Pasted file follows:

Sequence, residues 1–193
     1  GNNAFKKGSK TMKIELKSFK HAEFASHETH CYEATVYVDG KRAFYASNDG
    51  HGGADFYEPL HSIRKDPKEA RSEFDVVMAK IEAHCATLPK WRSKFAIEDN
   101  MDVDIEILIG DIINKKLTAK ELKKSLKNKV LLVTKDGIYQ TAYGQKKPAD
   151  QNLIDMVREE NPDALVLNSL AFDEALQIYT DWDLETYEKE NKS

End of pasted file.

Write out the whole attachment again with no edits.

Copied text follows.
Sequence, residues 1–193
     1  GNNAFKKGSK TMKIELKSFK HAEFASHETH CYEATVYVDG KRAFYASNDG
    51  HGGADFYEPL HSIRKDPKEA RSEFDVVMAK IEAHCATLPK WRSKFAIEDN
   101  MDVDIEILIG DIINKKLTAK ELKKSLKNKV LLVTKDGIYQ TAYGQKKPAD
   151  QNLIDMVREE NPDALVLNSL AFDEALQIYT DWDLETYEKE NKS